Arctic sea ice extent and Greenland ice sheet surface climate co-variability investigated with self-organizing maps and singular value decomposition
Monday, 15 December 2014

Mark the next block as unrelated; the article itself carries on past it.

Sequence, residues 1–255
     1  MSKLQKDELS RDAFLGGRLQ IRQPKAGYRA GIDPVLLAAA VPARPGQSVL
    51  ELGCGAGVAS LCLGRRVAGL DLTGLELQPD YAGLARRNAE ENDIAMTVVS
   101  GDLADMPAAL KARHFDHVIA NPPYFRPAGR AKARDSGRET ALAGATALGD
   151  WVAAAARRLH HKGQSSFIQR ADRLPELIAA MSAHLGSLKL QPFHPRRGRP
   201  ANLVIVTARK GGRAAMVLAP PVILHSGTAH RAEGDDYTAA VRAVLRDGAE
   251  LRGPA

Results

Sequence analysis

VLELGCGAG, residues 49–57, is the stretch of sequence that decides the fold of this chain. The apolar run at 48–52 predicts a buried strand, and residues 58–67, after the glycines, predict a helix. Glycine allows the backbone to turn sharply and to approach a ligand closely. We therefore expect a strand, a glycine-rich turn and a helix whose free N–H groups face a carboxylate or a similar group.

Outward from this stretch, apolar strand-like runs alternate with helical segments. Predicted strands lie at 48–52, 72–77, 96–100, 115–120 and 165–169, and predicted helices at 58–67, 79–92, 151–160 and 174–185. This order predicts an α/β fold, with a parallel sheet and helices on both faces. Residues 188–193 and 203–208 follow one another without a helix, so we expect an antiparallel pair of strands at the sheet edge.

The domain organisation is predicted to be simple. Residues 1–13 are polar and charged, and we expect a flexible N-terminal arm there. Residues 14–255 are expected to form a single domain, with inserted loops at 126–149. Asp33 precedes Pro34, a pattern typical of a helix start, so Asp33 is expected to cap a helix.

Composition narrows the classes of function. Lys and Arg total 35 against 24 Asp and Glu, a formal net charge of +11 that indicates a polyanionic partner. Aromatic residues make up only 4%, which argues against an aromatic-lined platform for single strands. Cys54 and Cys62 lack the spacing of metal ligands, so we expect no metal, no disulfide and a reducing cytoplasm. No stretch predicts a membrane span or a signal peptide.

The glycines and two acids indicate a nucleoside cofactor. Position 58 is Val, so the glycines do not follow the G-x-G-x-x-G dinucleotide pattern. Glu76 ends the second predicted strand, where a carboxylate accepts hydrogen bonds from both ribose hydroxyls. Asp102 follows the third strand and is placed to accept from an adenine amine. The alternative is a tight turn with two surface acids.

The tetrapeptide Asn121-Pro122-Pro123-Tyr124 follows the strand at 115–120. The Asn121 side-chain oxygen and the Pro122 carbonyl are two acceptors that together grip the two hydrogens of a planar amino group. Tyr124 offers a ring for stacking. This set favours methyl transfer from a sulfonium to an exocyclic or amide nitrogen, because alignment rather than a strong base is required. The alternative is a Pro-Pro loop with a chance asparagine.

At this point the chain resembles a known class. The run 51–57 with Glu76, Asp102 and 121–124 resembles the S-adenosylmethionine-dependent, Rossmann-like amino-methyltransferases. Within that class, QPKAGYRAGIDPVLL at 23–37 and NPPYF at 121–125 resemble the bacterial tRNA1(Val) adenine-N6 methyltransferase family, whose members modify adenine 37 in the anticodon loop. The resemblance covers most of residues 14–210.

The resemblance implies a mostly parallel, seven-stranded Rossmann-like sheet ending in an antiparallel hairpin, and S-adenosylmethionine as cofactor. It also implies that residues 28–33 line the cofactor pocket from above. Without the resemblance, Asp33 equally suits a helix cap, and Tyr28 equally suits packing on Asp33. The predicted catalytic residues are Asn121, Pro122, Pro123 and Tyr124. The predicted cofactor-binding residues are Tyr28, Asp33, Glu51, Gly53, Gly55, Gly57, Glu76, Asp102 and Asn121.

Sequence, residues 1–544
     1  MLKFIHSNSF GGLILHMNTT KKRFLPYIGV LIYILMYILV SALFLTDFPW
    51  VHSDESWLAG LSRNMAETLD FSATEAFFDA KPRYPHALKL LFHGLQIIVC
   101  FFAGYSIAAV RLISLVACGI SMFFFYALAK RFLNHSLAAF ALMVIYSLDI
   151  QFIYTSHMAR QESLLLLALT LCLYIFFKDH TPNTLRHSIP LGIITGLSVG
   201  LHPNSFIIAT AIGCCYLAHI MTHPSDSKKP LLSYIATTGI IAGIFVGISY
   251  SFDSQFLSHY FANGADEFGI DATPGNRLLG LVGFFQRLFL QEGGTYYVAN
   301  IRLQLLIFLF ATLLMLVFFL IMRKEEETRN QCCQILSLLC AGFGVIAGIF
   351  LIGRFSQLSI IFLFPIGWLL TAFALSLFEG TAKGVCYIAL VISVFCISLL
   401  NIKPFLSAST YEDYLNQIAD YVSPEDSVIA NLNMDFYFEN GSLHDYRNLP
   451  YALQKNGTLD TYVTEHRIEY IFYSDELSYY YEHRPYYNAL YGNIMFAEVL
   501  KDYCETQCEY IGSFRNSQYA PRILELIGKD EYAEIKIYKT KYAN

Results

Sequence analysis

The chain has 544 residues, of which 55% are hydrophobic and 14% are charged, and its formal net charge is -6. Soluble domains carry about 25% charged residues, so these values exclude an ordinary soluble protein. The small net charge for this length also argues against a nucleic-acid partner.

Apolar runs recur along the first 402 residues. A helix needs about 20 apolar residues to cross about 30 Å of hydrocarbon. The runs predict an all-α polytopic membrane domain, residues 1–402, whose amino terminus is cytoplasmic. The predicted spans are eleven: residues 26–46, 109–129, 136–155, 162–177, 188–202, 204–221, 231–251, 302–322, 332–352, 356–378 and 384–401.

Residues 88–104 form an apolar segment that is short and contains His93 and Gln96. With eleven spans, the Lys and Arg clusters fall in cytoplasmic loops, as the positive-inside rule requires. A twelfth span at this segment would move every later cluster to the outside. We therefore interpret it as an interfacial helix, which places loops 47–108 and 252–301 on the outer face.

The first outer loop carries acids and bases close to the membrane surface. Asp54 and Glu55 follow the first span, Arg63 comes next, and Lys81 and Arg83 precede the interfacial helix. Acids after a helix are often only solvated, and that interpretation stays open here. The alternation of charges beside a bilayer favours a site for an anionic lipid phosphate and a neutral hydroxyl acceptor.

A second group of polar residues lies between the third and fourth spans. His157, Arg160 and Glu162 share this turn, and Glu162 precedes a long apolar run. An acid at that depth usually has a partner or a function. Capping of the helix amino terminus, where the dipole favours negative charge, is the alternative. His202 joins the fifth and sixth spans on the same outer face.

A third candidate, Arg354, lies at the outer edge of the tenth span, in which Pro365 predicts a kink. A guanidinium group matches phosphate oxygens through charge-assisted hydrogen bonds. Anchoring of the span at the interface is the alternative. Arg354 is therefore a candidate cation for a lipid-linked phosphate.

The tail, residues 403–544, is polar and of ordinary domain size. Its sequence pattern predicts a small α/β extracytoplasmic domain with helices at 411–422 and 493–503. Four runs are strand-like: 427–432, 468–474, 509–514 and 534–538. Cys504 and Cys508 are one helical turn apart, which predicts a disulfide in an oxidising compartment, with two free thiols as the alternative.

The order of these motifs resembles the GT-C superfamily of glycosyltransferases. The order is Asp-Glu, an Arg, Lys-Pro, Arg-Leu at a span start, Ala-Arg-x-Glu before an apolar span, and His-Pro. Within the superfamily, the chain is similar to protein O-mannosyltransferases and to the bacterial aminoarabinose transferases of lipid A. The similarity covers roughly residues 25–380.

Rapid decline in Arctic sea ice cover in the 21st century may have wide-reaching effects on the Arctic climate system, including the Greenland ice sheet mass balance. Sea ice processes and ocean/atmosphere feedbacks that may affect ice sheet mass balance may be manifested in large-scale Arctic synoptic patterns and local effects arising from its influence on mixed ocean layer temperatures, overlying air temperatures, and water vapor. Here, we investigate potential co-variability between sea ice and ice sheet surface melting by applying a suite of statistical methods (e.g., Self Organizing Maps, SOM and Singular Value Decomposition, SVD) on a combination of datasets including sea ice extent and melt-onset timing from remote sensing observations, atmospheric reanalysis (Modern Era Retrospective-Analysis for Research and Applications, MERRA) variables, and outputs of a regional climate model (Modèle Atmosphérique Régional, MAR) over the Greenland ice sheet for the months of June through August for the period 1979 - 2013. Results obtained with SOM highlight the regime shift in sea ice extent and melt-onset timing during the summer months since 1979, and that observed increases in Greenland ice sheet melt during these months are highly correlated with this shift. Finally, we assess atmospheric linkages between these processes by mapping each onto SOM nodes of Arctic geopotential height data, as well as employing singular value decomposition (SVD) and partial correlation analysis on time series of these three fields to establish physical pathways. Our analysis considers synoptic patterns that may govern both sea ice decline and increased mass loss and provides insights into sea ice processes and feedbacks that may influence Greenland ice sheet mass balance.